One of the most important Museums in the United States prepares to hold an Exhibit on The Miners’ Rescue

The Minister Said... “Chile and the United States share a great common agenda…” | page 7

The exhibit, with the Phoenix Capsule as the main attraction, is scheduled to be inaugurated on August 3.

Ambassador Arturo Fermandois and the Director of the Museum of Natural History, Cristian Samper, sign the agreement that made the exhibition possible.

Beginning on August 5, exactly one year after the accident that left 33 workers trapped at the San Jose Mine in Chile, it will be possible to visit an exhibit chronicling the complete experience of the miners’ rescue at the National Museum of Natural History in Washington, DC. The exhibit named “Against All Odds: Rescue at the Chilean Mine,µ has been jointly organized by the Smithsonian Institution and the Embassy of Chile, with support from the Department of State. | continue in page 5

Chile gourmet Showcasing a variety of gourmet products, Chile shone in the award ceremony honoring the best restaurants in Washington DC and at the United States’ most important food fair.| page 8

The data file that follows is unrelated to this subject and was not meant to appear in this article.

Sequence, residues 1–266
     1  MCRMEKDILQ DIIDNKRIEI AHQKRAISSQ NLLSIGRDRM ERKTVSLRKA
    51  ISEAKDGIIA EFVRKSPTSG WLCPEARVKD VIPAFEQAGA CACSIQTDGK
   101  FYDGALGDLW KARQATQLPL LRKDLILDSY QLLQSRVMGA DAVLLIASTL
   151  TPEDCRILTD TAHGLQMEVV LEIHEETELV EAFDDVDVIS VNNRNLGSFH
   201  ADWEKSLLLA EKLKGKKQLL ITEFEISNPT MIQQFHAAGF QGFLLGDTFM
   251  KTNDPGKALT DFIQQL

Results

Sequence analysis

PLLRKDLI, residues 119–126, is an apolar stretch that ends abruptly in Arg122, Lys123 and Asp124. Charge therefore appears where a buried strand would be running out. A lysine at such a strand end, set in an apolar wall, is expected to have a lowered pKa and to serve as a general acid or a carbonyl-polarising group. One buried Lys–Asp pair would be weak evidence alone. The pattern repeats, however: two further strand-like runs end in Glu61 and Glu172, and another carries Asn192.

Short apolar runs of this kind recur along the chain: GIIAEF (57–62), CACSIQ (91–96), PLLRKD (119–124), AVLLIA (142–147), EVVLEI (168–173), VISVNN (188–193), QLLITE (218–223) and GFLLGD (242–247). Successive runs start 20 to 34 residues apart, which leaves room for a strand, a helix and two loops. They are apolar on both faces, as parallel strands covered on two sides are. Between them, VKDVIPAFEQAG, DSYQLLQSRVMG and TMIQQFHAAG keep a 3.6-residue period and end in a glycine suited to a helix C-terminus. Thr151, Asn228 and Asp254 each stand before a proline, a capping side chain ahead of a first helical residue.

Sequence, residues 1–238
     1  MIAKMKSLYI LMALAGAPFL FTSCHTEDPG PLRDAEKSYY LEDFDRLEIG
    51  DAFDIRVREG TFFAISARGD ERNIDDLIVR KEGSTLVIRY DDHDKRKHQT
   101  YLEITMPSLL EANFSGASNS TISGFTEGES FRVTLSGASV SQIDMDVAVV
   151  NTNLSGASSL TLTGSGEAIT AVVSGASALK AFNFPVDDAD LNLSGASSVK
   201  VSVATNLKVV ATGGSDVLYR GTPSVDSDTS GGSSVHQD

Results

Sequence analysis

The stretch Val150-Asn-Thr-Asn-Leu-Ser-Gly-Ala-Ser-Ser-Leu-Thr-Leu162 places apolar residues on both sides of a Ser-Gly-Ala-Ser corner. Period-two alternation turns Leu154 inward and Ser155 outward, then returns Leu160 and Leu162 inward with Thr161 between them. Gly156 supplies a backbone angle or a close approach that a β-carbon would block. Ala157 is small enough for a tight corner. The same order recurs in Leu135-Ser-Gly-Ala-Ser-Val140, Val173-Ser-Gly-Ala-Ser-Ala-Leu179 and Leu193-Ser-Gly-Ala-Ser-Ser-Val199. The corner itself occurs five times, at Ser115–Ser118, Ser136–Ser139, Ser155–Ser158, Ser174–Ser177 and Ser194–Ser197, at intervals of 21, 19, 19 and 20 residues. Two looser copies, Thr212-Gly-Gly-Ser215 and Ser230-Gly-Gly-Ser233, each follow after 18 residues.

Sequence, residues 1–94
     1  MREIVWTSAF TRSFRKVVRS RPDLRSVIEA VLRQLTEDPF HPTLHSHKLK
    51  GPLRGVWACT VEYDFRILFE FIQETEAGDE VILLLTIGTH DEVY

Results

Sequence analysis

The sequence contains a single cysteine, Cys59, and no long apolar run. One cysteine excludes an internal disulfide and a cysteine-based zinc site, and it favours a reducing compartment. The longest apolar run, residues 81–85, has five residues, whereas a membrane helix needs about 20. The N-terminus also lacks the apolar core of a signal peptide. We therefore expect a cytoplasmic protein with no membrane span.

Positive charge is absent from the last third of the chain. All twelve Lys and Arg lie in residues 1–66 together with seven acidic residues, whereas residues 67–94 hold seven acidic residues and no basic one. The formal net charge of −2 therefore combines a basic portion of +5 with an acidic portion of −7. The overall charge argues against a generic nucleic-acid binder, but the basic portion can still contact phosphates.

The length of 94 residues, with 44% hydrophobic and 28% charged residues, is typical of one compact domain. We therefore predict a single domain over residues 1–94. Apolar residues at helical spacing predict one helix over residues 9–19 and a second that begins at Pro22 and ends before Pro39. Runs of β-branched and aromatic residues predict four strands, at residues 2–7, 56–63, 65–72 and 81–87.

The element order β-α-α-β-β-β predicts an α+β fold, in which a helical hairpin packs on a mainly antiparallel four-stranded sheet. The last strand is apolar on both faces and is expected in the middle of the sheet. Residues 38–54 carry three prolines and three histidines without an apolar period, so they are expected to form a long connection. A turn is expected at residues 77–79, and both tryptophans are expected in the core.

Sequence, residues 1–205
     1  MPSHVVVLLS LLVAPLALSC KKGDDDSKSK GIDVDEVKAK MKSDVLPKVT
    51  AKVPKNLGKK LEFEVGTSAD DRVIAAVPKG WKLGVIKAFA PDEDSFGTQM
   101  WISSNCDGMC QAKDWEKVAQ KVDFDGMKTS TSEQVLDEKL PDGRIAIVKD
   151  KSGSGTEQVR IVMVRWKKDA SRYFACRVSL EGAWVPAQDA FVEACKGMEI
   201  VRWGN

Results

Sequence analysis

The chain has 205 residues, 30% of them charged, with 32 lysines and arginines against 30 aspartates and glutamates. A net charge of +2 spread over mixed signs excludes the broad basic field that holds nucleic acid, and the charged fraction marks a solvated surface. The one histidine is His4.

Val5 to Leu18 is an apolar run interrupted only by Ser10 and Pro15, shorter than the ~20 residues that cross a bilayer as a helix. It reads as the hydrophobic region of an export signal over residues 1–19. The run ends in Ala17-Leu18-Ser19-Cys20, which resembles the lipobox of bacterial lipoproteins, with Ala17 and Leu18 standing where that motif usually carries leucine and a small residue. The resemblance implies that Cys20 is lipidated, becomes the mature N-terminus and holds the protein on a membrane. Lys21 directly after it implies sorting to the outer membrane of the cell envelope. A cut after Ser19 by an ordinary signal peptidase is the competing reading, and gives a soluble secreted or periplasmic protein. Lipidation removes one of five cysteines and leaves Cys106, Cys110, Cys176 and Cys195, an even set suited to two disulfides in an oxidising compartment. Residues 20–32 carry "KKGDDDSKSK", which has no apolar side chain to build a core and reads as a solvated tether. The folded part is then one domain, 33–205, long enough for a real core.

Amidst a major visit and daily tasks


he first half of 2011 was the synthesis of a great moment in the relationship between Chile and the United States. The two main aspects of diplomatic efforts were on display: the extraordinary and the everyday, both carried out with great zeal. The visit of President Barack Obama to Chile in March is undoubtedly one of the highlights and was a historical, successful and momentous occasion for both countries. It has been 7 years since a President of the United States has stepped on Chilean soil and 21 since a U.S. President has done so in the framework of a strictly bilateral visit. The embassy assisted the government in turning this exceptional moment into an opportunity to come together politically, which produced concrete benefits. Six cooperation treaties, negotiated and concluded with the active participation of the embassy, were ready to be signed on March 18 in the O’Higgins Room of the Ministry of Foreign Affairs. Education, energy, the environment, small and medium businesses and culture were some of the issues covered by the treaties. Now we must actively participate in their implementation.